Also known as Leonurus cardiaca, lion's ear, lion's tale, throwwort.
Introduction Motherwort is a mint with dull green, hairy leaves and an intensely bitter taste. The botanical name Leonurus refers to a fanciful resemblance of the leaves to a lion's tale. Native to Central Asia, the German E Commission has stated that it may be useful for nervous cardiac disorder and as an adjuvant for hyper-function of the thyroid. Many noted herbalists have gone on record that motherwort is also something mood elevator. Nicholas Culpepper wrote that motherwort will make "the mind cheerful, blithe, and merry". Maude Grieve wrote that there is "no better herb for strengthening and gladdening the heart". Many folk remedies revolve around motherwort, as well. Several associate its usefulness as an herb for the transition period of a women's life, in fact the Chinese name for it, yi mu cao, translates as "benefit mother herb." One rather odd Hindu tale relates that if you make a tea of motherwort and add it to the laundry when you wash your socks and underwear, you will bring peace to your home.
Constituents Motherwort contains four groups of medicinally active chemicals:
- Caffeic acid 4-rutinoside.
- Diterpenes of the labdane type, such as leocardin, a mixture of two epimers of 8b-acetoyx-9a, l3a, l5, l6-bisepoxy-l5-hydroyx-7-oxo- labdan-6b, l9-olide.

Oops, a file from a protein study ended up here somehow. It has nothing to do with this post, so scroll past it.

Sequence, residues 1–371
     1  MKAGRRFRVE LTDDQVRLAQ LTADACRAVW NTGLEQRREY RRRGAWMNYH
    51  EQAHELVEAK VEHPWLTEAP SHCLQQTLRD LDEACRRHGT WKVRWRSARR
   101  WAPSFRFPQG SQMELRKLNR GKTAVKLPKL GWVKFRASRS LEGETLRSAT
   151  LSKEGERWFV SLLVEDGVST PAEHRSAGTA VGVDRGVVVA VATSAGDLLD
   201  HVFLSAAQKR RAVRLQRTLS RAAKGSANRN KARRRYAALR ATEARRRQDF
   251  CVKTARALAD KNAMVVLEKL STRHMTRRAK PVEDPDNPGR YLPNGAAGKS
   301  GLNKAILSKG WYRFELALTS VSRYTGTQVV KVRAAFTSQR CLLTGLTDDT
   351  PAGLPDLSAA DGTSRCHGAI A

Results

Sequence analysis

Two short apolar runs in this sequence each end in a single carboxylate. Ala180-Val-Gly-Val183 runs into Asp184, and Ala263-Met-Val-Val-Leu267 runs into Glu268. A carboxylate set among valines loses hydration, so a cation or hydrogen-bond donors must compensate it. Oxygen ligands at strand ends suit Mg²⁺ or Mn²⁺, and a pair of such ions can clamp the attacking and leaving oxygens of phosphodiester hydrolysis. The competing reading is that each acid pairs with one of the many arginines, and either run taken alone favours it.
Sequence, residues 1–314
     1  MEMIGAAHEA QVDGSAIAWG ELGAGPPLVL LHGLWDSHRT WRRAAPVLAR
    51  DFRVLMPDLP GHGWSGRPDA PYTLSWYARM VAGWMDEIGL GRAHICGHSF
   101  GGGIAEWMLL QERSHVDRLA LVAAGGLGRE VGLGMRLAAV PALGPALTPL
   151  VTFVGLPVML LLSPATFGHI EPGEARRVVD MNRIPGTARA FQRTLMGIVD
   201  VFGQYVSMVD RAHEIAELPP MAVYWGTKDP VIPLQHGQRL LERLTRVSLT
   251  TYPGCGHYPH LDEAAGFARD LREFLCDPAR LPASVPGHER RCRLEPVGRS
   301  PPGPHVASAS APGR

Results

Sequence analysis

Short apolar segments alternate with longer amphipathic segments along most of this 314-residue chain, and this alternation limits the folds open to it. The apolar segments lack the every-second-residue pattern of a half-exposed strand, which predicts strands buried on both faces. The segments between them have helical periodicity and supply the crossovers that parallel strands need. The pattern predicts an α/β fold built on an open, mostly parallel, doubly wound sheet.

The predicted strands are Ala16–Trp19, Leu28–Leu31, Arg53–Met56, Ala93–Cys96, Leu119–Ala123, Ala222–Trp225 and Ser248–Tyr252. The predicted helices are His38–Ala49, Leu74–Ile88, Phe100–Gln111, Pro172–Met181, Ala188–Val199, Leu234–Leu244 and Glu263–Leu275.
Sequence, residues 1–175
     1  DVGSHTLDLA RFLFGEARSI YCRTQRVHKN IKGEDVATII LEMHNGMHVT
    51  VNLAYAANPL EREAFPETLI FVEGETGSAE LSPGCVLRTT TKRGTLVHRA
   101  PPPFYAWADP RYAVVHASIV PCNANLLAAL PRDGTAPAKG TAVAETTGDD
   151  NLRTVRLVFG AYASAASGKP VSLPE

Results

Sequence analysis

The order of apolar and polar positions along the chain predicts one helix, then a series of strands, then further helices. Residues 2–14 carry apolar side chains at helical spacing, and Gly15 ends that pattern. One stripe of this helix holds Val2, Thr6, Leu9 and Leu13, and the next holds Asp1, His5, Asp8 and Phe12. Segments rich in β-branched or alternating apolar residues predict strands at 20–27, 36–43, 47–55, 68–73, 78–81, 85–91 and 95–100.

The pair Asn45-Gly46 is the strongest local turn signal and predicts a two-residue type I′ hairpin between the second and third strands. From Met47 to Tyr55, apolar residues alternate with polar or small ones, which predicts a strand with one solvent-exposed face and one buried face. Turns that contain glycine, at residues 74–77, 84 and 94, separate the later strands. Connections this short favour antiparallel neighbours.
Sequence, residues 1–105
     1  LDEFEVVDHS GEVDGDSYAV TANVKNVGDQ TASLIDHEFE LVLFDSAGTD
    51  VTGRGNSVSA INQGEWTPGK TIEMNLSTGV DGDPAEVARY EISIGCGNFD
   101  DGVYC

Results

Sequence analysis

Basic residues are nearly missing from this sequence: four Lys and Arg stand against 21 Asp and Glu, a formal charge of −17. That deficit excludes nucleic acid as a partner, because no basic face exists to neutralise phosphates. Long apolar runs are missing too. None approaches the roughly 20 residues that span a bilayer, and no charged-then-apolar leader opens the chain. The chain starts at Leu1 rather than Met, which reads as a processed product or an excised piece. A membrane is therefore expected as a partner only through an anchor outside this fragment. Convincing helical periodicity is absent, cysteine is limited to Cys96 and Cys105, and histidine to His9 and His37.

- Flavonoids; rutin, quinqueloside, genkwanin, quercitin, quercetrin, isoquercetrin, hyperoside, and apigenin and kaempferol glucosides.
- Iridoids: leonuride and others not yet identified.
All the above-ground parts of the plant, gathered after flowering, dried, and cut.
Typical Preparations Traditionally used as a tea. Frequently combined with hawthorn. May also be taken as an extract or capsule.
Summary The traditional use of motherwort is the treatment of racing heart (tachycardia) caused by nervous tension. Long-term use may reduce the formation of clotting factors and also lower total cholesterol and triglycerides. Motherwort is also used to treat menstrual tension. It treats false labor pains, and it is useful in the stimulation of delayed or suppressed menstruation, especially when prolonged emotional stress is factor.
Precautions Consult your physician before using this herb if you take prescription medication for your heart. Not recommended while pregnant.
For educational purposes only This information has not been evaluated by the Food and Drug Administration.
This information is not intended to diagnose, treat, cure, or prevent any disease.